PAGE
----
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The English Theatre Of Hamburg


  May, 2016

Dear Friends of The English Theatre of Hamburg, 

Our current production, DANGEROUS OBSESSION by N.J. Crisp, premiered on 28 April and was directed by Guest Director, Philip Dart, who directed Bernard Shaw’s CANDIDA for us last season. We welcome Philip as well as the actors Gabrielle Douglas, Adam Lilley and Tom Rooke to our theatre. Gabrielle and Tom have both worked here before. (See cast and production photos below.) The teaching material for DANGEROUS OBSESSION can be downloaded here

Starting in June you can subscribe to our 2016--2017 Season in which we celebrate the 40th Anniversary of The English Theatre of Hamburg. As always, you can see four plays for the price of three. In June, subscriptions can be obtained online or by phoning the box office (040-227 7089). We have planned an exciting and varied season for you. The plays we will be producing are:

ORPHANS, a play by Lyle Kessler (recently revived on Broadway with Alec Baldwin) 

DON’T LOSE THE PLACE, a comedy by Derek Benfield 

OTHELLO, a play by William Shakespeare

APRIL IN PARIS, a comedy by John Godber (Program subject to change)

Please help us with much needed financial contributions to the theatre as we enter our 40th year. Running a theatre after 39 years does not get easier with the ever rising costs. For information as to how to make a donation, contact the theatre’s office at (040) 227 7925 or write to ethamburg@onlinehome.de. We greatly appreciate your help.

Sincerely yours,
Clifford Dean and Robert Rumpf

The English Theatre of Hamburg | U-Bahn Mundsburg
Lerchenfeld 14 | 22081 Hamburg | Germany
Fax: 040 229 50 40 | Tickets: 040 227 70 89
This issue

Now playing

The Director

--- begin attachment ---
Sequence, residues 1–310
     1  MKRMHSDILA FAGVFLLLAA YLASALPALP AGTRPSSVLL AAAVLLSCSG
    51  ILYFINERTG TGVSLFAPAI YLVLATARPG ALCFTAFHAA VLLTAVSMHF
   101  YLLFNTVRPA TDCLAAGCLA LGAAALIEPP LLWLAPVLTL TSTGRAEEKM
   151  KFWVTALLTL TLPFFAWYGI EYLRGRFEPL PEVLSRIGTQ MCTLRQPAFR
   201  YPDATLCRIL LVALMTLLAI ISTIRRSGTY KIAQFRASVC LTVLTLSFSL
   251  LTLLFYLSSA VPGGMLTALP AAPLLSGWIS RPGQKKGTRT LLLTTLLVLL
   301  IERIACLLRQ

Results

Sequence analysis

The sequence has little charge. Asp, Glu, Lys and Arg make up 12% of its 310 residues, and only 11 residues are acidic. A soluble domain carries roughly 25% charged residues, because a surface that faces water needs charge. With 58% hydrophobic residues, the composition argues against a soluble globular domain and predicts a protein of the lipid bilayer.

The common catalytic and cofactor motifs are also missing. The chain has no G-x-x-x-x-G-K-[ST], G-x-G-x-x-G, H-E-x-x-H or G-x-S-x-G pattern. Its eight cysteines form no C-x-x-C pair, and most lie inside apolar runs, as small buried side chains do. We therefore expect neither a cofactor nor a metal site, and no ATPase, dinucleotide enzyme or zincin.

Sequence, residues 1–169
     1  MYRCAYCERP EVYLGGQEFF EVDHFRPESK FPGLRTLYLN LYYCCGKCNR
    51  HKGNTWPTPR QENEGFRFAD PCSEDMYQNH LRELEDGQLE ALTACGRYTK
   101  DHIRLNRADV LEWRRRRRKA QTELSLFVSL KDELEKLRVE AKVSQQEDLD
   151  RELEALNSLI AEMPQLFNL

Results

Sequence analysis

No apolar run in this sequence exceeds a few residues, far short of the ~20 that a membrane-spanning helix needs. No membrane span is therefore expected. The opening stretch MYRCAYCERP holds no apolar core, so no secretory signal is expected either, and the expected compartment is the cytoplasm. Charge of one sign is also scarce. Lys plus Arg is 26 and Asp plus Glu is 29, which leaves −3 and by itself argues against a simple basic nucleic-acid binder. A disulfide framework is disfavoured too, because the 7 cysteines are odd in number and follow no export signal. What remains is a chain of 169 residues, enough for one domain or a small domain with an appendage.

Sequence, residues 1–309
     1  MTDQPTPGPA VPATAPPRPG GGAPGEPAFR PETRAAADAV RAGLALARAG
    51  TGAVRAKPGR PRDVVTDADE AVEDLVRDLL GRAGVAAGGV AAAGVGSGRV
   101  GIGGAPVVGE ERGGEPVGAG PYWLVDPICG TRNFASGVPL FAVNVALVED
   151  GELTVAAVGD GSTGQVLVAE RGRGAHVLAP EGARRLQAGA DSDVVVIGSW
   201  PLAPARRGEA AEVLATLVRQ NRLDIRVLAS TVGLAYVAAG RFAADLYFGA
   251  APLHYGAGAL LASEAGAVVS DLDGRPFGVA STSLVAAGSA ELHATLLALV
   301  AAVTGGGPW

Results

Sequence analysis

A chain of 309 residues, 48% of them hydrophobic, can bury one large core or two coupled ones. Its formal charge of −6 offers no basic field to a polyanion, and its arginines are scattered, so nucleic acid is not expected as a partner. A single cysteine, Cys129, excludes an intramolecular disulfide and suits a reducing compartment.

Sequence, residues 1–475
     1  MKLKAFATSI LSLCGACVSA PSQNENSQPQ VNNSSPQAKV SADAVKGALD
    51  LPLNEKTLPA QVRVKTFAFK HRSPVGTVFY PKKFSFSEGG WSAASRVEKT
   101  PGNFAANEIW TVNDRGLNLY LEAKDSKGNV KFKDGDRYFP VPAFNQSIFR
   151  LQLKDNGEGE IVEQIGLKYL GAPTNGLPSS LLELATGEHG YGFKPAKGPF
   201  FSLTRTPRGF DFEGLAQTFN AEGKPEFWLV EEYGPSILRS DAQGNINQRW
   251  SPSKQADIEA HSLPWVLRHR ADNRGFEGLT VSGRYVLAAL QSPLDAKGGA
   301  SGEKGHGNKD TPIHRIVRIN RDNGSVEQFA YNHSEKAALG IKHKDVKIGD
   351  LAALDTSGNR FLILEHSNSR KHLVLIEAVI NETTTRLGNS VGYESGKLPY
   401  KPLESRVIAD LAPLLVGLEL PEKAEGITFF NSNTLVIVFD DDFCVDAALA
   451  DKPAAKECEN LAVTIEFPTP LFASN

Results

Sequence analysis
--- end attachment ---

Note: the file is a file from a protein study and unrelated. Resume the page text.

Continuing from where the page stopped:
Philip Dart
Photo by Kate Peters

The Cast

Adam Lilley (John Barrett)
Photo by Alexandra Guelff

Gabrielle Douglas (Sally Driscoll)
Photo by Phil Benbow

Tom Rooke (Mark Driscoll)
Photo by Stephen Perry

About The Play

DANGEROUS OBSESSION is one of the British theatre’s most successful psycho thrillers of recent history and one of the highest quality. The play takes place on a sunny afternoon in the Home Counties. Sally Driscoll is watering her plants in the conservatory of her luxurious home. Suddenly John Barrett appears at the door. Sally does not recognize John, but it seems that the Driscolls and the Baretts have met before. After Sally’s husband, Mark, arrives it becomes apparent that John Barrett is “dangerously obsessed” with pinning the blame for a fatal car accident on someone. John secretly locks the Driscolls and himself in the conservatory and pulls out a gun. He then forces Mark and Sally to admit unpleasant and conflicting facets of their lives. The results are shattering.

N. J. Crisp’s psycho-thriller is both timely and universal. One of the characters resorts to the use of a gun to advance what, in his opinion, is justice. Another character finds it difficult to accept the responsibility for his actions. Unlike the classic detective story as written by Agatha Christie, DANGEROUS OBSESSION is a psycho-thriller in which the people are as important as the plot. Instead of treating characters in a superficial way, the figures in DANGEROUS OBSESSION become three-dimensional people whose human emotions are examined. The question is not only “Who did it?” but “Why did he do it?”, “How does he feel about it?” and “What are the human results of his actions?” The psychological development of the characters involved is what is important.

Part of the reason psycho-thrillers are so popular is perhaps because there is a conflict in our own natures between crime and the law. Surely we all sometimes feel the need to break those very laws we know we must have. Crime stories show us something of our own dark side. It is a great medium for a playwright as well because, by putting a person in a crisis and seeing what happens, much of that person’s character comes to light. Good crime writing nowadays not only tells an exciting story, but also says something about the world and society. In DANGEROUS OBSESSION John Barrett says, “All of us must accept responsibility for the consequences of our own actions.” N. J. Crisp’s play lets us feel the emotional shock that this moral precept can have on human lives.

“The author teases us with menacing details . . . Powerfully applies the tricks of suspense.”  THE TIMES

“Increasingly exciting.”  SUNDAY TELEGRAPH

Adam Lilley and Gabrielle Douglas
Photo by Stefan Kock

Adam Lilley, Tom Rooke and Gabrielle Douglas
Photo by Stefan Kock

 For many more photos and inside information about us, go to our Facebook page by clicking here.

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